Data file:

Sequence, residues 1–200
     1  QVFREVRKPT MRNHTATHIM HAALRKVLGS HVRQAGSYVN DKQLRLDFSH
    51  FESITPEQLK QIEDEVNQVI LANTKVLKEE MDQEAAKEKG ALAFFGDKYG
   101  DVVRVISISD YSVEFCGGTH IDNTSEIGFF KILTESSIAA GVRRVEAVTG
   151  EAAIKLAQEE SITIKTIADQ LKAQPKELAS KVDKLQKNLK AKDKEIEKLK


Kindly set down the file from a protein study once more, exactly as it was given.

Sequence, residues 1–200
     1  QVFREVRKPT MRNHTATHIM HAALRKVLGS HVRQAGSYVN DKQLRLDFSH
    51  FESITPEQLK QIEDEVNQVI LANTKVLKEE MDQEAAKEKG ALAFFGDKYG
   101  DVVRVISISD YSVEFCGGTH IDNTSEIGFF KILTESSIAA GVRRVEAVTG
   151  EAAIKLAQEE SITIKTIADQ LKAQPKELAS KVDKLQKNLK AKDKEIEKLK